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Middle East: risks and opportunities for exporters

The situation in the Middle East remains a key international topic influencing the world market of hydrocarbons. Several lines of confrontation sharpen every month in this region. Conflicts of Iran with Israel and the West, even the recent EU’s decision to embargo signing of new contracts on oil imports from Iran, are just part of the problems.

It is no secret that the Sunni monarchies in the Persian Gulf could benefit from war of the USA and Israel against Iran. This, in particular, concerns Saudi Arabia and Qatar that compete against Iran for leadership in the Islamic world and fear the Iranian military might, especially if it is reinforced by nuclear weapons. In its turn, Tehran believes it is necessary to support the Shia, fellow believers, in Arab states, including Saudi Arabia, where the Shia are openly discriminated, although they reside in the country’s eastern province where major oil reserves are situated. Events in Syria are also the reflection of confrontation between Tehran and Riyadh with Doha that aim at overthrowing the Bashar Assad regime.

War becomes practically inevitable amid numerous conflict lines in the region and Iran’s steady intention to obtain a nuclear bomb that will make it much stronger than all its neighbors, both Arab states and Israel. War will start either because of the US attempts to unblock the Strait of Ormuz should Iran block it, or because of a preventive strike by Israel on Iran that is close to creating an atomic bomb, or because of Iran’s support to the Shia uprising in the Gulf monarchies.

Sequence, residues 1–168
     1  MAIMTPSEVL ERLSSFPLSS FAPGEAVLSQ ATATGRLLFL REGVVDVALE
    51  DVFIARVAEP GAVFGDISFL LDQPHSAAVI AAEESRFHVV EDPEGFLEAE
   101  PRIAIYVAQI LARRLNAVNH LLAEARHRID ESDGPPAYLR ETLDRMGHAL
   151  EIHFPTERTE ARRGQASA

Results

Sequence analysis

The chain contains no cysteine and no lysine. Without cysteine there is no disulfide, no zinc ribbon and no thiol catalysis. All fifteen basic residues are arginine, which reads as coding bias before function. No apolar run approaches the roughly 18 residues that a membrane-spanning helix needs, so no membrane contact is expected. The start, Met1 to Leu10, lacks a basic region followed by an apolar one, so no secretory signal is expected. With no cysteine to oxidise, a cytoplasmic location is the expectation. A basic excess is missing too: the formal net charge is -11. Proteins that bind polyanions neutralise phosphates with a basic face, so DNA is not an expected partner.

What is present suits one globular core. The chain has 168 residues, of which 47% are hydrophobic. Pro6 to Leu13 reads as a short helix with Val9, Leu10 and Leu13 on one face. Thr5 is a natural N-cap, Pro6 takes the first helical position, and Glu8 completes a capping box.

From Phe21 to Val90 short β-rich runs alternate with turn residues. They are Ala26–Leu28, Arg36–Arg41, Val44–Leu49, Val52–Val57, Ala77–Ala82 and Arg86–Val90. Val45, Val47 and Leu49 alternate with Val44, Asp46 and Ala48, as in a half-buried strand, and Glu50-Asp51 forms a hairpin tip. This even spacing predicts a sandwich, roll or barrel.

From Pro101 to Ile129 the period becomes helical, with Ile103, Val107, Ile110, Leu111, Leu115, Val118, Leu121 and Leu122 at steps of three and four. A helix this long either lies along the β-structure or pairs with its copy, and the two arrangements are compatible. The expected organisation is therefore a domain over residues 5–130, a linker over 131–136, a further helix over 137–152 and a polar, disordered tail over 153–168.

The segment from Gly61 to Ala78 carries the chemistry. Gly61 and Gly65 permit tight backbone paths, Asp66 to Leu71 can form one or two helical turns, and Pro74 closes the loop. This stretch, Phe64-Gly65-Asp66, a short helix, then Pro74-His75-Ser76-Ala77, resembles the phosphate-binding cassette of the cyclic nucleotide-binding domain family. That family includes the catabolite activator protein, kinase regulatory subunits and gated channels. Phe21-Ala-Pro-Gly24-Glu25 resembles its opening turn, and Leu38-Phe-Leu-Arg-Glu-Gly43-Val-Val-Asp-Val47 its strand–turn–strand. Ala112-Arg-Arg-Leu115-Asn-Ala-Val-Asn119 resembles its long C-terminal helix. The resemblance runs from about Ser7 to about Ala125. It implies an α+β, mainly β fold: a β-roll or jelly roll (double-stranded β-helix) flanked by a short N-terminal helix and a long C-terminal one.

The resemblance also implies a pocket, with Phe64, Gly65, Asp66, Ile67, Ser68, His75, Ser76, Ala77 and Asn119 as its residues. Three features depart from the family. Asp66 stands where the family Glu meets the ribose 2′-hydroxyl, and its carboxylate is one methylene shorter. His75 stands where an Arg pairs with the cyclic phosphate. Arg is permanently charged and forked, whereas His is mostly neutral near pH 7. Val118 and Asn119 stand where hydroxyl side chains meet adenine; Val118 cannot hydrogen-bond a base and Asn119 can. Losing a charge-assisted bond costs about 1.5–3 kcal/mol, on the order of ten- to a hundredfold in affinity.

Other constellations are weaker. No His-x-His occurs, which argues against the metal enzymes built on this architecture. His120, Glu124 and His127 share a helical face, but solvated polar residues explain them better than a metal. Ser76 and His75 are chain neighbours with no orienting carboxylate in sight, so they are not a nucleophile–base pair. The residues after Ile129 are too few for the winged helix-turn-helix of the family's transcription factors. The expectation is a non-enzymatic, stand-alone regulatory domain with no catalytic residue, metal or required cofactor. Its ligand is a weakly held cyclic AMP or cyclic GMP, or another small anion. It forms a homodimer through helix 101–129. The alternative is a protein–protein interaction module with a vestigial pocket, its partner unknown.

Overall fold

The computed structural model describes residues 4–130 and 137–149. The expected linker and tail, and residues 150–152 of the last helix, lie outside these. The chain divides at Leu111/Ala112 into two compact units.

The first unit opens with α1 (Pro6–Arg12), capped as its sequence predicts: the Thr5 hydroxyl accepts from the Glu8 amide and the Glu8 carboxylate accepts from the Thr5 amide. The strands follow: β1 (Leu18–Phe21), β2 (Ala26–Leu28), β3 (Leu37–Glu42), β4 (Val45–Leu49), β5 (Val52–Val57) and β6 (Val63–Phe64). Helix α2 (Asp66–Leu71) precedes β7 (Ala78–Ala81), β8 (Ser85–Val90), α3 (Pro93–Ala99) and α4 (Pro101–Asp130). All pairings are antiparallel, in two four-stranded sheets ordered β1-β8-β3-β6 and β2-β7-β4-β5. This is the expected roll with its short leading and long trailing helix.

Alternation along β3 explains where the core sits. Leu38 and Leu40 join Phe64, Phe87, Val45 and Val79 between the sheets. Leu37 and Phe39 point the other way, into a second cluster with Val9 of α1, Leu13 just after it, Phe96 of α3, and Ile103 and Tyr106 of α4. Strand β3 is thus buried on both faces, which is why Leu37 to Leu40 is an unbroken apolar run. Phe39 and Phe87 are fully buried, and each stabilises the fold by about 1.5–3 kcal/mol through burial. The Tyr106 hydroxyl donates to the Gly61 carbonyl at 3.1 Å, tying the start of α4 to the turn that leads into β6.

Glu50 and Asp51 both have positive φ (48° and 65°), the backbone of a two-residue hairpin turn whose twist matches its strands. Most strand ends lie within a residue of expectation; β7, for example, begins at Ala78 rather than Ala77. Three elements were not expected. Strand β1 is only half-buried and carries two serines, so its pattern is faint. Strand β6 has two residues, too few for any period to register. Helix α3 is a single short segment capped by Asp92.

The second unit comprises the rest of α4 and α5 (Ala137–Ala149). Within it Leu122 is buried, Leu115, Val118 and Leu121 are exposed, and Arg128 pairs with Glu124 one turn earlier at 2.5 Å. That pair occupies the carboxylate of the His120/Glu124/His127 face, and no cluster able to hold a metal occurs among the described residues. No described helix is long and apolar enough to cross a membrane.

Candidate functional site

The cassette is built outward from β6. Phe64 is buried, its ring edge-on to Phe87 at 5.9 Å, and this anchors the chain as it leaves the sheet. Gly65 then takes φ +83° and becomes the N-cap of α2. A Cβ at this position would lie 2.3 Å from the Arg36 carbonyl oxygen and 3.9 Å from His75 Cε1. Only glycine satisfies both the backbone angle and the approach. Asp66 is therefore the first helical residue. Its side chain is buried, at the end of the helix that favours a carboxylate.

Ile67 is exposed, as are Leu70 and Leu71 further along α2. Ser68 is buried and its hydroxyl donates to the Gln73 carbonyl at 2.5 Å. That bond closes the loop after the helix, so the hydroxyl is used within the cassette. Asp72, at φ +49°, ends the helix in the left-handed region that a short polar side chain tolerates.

Any military scenario means sharp decline in intensity of the oil tanker navigation in the region, large-scale drop in exports and revenues of the Persian Gulf nations. However, the market will become ready to accept alternative suppliers. Among beneficiaries there will be Latin America and Canada; production of hydrocarbons in the USA may rise, as well as LNG projects in Australia may grow. Russia will have fewer benefits from this situation. Over the past few years it has been keen on raising oil supplies to China, and it does not have a lot of reserves to quickly deliver more oil to the much promising European market.

By Stanislav Mitrakhovich, NESF leading expert


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